Yorba Linda is a suburban city in northeastern Orange County, California, approximately 37 miles (60 km) southeast of Downtown Los Angeles. The suburb's most famous resident was Richard Nixon. His birthplace is a National Historic Landmark, at his presidential library and museum located there. Yorba Linda is part of the Los Angeles metropolitan area according to the US Census. As of the 2010 census, its population was 64,234.
The term 'Yorba Linda' was created in 1908 by the Janss Investment Company. 'Yorba' is the surname of the family historical landowners in the area. 'Linda' means 'pretty' in Spanish.
The area is the home of the Tongva, Luiseño, and Juaneño tribal nations, who were there "as early as 4,000 years ago." The Tongva defined their world as Tovaangar, a nation which "extended from Palos Verdes to San Bernardino, from Saddleback Mountain to the San Fernando Valley" and included the entire territory of present-day Yorba Linda. Spanish colonization between 1769 and 1840 brought "disease, invasive species, and livestock" into the area, which "upended the ecological balance of the region and forced the Tongva to resettle around three missions."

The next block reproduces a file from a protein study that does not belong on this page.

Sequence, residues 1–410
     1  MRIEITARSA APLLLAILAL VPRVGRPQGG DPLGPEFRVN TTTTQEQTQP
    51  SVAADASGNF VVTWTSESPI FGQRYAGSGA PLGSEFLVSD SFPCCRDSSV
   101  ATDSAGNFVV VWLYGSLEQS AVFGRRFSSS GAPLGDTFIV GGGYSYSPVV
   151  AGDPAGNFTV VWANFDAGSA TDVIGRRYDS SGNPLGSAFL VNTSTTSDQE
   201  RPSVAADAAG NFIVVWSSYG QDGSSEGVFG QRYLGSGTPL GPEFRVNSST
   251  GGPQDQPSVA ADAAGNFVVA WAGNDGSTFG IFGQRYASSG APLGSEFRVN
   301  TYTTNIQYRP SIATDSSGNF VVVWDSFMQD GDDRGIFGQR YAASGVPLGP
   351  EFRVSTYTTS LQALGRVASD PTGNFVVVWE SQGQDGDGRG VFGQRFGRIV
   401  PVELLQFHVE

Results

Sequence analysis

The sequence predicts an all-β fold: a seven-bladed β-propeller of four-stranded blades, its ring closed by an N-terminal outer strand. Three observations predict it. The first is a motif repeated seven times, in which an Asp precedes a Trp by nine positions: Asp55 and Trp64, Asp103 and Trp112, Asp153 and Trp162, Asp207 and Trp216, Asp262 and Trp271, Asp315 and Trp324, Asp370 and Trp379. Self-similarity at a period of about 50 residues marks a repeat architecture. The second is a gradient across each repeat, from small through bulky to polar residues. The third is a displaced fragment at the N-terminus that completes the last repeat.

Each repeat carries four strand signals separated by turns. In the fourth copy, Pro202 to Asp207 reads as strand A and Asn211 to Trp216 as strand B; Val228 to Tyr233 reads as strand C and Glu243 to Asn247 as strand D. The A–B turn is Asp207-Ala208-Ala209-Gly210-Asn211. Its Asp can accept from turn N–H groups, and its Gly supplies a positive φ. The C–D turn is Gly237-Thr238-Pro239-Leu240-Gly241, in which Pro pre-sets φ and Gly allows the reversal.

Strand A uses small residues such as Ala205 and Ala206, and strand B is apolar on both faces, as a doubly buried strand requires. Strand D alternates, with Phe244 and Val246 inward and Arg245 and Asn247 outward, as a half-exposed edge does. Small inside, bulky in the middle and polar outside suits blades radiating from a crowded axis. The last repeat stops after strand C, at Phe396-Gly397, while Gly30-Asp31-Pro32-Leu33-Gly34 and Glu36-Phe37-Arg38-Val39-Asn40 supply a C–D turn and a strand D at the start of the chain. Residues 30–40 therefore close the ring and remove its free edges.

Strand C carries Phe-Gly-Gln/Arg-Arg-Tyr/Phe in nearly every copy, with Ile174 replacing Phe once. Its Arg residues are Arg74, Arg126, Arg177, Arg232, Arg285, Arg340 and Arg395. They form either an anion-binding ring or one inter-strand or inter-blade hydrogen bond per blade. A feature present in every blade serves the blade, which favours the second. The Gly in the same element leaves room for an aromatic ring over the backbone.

In 1810, the Spanish crown granted José Antonio Yorba 63,414 acres of land, which "spread across much of modern-day Orange County." In 1834, following Mexico's independence from Spain, Yorba's most successful son, Bernardo Yorba (after whom the city would later be named), was granted the 13,328-acre (53.94 km2) Rancho Cañón de Santa Ana by Mexican governor José Figueroa. Most of this original land was retained after the Mexican–American War in 1848 by descendants of the Yorba family.